For her, emergencies are all in a day's work

Howard Neighbors

  • Mary Lasky says emergency preparedness demands support from the entire community. On the wall is a painting of her native El Paso, Texas.
Mary Lasky says emergency preparedness demands support from… (Baltimore Sun photo by Algerina…)
December 13, 2009|By Janene Holzberg | Special to The Baltimore Sun

Mary Lasky was in a meeting Tuesday when she got word that swine flu shots would be offered to all Marylanders, taking advantage of a statewide stockpile of vaccine that keeps growing as demand has waned.

Two hours later, she was plugged into a conference call, helping to map out a strategy to disseminate some of that surplus to previously ineligible employees at all institutions within the Johns Hopkins University system.

Such is the inherently unpredictable and demanding life of an emergency preparedness planner, a profession that took on deeper meaning after Sept. 11, 2001, and continues to redefine itself as emergency officials grapple with the fickle behavior of the H1N1 virus.

And starting next month, the program manager for business continuity planning at the Johns Hopkins University Applied Physics Lab in Laurel will expand her focus to getting all of Howard County prepared to handle any disaster.

Lasky will officially take the reins of the county's Community Emergency Response Network from its founder and outgoing chairman, Richard Krieg, who is president and CEO of the Horizon Foundation, a Columbia-based health and wellness philanthropy.

A Montgomery County resident, she had previously served as vice chair of continuity of operations planning for CERN, which is a coalition of public- and private-sector representatives who work together to prepare the county for a flu pandemic, terrorist attack or major natural emergency.

Though Krieg may be stepping down, he's not stepping away. He will lead CERN's new Community Resource Team, a handpicked "think tank" which will be mobilized during an emergency - instead of ahead of one - for the first time in the organization's six-year history.

"CERN won't miss a beat [as it changes leadership], and I will be privileged to work with this new team side by side with our first responders," he said.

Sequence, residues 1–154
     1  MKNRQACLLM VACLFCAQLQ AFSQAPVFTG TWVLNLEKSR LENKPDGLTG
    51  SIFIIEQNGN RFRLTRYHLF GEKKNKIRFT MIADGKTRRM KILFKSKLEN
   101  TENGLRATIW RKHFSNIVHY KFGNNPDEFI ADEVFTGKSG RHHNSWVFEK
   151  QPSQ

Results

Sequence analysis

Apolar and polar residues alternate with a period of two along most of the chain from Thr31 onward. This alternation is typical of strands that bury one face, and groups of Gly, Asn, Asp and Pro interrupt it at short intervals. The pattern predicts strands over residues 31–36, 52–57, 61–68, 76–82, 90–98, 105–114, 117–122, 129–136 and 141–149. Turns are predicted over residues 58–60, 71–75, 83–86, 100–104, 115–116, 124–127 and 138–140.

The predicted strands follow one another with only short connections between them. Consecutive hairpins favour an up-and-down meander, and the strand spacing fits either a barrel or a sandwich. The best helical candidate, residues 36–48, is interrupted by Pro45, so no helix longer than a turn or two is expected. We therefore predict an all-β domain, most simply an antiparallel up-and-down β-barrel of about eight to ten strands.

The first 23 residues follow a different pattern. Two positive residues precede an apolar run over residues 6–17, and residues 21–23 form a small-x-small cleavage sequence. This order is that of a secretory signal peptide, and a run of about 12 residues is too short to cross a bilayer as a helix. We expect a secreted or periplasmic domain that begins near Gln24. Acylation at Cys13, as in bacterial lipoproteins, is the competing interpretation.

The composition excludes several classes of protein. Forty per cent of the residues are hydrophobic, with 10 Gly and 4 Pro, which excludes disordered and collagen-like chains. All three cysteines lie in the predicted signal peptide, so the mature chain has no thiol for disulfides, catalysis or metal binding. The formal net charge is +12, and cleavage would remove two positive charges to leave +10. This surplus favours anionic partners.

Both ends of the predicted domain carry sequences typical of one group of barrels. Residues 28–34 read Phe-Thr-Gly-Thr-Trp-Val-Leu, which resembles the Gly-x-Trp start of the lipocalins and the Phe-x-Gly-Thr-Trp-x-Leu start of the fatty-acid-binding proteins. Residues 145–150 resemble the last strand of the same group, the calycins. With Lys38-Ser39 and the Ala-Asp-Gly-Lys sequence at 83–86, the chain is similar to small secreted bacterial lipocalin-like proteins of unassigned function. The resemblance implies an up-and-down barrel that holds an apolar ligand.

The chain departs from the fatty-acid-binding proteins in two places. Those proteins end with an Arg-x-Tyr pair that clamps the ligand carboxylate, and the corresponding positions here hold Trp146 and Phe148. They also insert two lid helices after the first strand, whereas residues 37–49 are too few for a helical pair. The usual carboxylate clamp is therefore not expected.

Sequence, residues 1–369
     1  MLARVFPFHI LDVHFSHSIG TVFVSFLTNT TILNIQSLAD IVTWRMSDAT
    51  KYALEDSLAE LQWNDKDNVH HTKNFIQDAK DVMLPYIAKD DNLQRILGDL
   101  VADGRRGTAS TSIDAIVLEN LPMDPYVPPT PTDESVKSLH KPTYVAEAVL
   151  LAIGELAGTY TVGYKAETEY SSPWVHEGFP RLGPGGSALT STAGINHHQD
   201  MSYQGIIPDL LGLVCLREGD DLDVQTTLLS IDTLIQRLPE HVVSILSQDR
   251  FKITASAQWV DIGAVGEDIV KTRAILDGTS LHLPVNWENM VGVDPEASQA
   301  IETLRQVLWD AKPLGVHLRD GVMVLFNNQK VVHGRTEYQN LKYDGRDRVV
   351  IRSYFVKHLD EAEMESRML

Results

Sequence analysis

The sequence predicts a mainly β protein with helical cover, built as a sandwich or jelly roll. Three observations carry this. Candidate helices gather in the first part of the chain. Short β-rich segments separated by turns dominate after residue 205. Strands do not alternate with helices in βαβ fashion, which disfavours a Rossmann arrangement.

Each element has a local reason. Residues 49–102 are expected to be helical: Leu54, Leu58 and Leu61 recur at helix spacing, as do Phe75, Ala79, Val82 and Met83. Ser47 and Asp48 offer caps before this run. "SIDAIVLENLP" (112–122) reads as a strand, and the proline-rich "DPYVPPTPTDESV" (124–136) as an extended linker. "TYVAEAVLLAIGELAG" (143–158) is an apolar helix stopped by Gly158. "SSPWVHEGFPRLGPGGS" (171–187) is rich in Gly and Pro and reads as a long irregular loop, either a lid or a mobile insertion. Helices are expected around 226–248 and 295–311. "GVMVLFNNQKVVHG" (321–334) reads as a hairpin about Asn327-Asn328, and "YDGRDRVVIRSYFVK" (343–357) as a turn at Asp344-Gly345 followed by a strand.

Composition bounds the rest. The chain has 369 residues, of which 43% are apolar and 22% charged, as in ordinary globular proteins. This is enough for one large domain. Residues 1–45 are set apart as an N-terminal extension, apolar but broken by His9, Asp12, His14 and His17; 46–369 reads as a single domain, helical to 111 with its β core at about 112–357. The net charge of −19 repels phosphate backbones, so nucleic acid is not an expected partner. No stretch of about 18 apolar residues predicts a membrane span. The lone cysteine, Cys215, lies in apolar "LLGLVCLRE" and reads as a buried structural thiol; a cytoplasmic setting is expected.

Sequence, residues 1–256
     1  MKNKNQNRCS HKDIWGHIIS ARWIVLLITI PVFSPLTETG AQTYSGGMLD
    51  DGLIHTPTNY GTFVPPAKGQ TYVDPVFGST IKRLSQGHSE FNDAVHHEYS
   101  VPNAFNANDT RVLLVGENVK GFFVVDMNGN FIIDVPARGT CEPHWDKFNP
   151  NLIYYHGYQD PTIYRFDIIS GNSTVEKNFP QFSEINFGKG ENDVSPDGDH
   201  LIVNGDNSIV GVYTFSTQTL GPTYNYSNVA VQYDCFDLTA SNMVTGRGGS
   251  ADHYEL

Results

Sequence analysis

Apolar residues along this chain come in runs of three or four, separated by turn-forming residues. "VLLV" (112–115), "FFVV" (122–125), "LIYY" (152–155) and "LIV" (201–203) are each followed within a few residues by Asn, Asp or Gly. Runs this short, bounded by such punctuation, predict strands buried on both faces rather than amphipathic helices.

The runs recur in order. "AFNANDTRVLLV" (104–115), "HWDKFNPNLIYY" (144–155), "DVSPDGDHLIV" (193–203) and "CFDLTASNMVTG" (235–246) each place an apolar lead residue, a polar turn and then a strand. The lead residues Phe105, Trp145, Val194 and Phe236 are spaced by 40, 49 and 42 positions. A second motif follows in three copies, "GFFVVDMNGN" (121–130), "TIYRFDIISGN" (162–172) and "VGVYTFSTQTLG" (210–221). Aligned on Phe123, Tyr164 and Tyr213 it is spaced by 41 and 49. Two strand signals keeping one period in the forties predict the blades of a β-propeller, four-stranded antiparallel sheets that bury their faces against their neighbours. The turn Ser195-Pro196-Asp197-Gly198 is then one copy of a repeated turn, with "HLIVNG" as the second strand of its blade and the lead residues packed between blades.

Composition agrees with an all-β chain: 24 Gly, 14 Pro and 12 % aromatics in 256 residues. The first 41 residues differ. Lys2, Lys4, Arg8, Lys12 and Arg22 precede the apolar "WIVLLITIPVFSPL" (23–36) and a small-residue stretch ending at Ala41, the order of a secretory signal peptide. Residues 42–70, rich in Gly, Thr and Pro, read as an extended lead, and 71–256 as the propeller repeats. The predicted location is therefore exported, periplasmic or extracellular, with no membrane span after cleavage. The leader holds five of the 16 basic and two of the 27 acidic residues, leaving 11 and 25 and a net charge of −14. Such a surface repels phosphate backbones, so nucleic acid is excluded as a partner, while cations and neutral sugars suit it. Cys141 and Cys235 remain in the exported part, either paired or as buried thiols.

Krieg said the board of directors unanimously agreed to Lasky's selection, adding that he has worked closely with her over the past year to ensure a smooth transition.

"There are very few places where leaders of various institutions sit down to plan and train together the way we do at CERN," said Krieg, who left his post as Chicago's health commissioner in 1998 to take the helm of Horizon. The Ellicott City resident founded CERN in late 2003 in response to the events of Sept. 11.

"The collaborative model we have here in Howard County is undeniably unique," Krieg said.

Fire Chief William Goddard, who also serves as director of the county's Office of Emergency Management, echoed that sentiment.

"In my 40 years of doing this work I have never seen such a very, very strong relationship between government and the private sector," said Goddard, who replaced Joseph Herr when he retired in February.

"It is my philosophy to take all the help I can get, and what CERN has offered in terms of supplying a resource pool is beyond anything the county could manage on its own," he said.

As the CRT gets off the ground, Lasky said, she will draw on knowledge gathered from her work in pandemic flu and business continuity planning. APL is the county's largest employer except for the public school system, and a not-for-profit business that bills itself as "enhancing national security through science and technology."

And she will stress the objectives of CERN's three- to five-year strategic plan, which kicked off in December 2008. These include educating the public about being prepared to shelter in place for 14 days, ensuring that all businesses have continuity of operations plans, and training an emergency corps of citizen volunteers. Detailed information on these topics is available online at cernhc.org.

One of her priorities will be bringing county businesses and nonprofits up to speed in emergency preparedness planning, said Lasky.

"Most Howard County businesses are small businesses, but nonetheless they all require a continuity plan," she said. "After 2001, it was my observation that businesses with a plan were the ones that survived."

Even before Sept. 11, APL had an emergency information-technology plan in place, she said, adding that "since then, we have done our planning with a lot more determination."

To encourage more small businesses and nonprofits to participate in continuity planning, Lasky helped develop a one-page document that can be completed in about two hours.

"Nowhere else have I seen something that simple," she said.

CERN has met with several business owners to assist them in creating this vital document, she said, noting there are do-it-yourself instructions on CERN's Web site.

"The main point is that this is simple and does not require a huge investment of time," she said.

Pam Klahr, president of the Howard County Chamber of Commerce and a member of CERN since shortly after its inception, said it's been tough going to get businesses involved.

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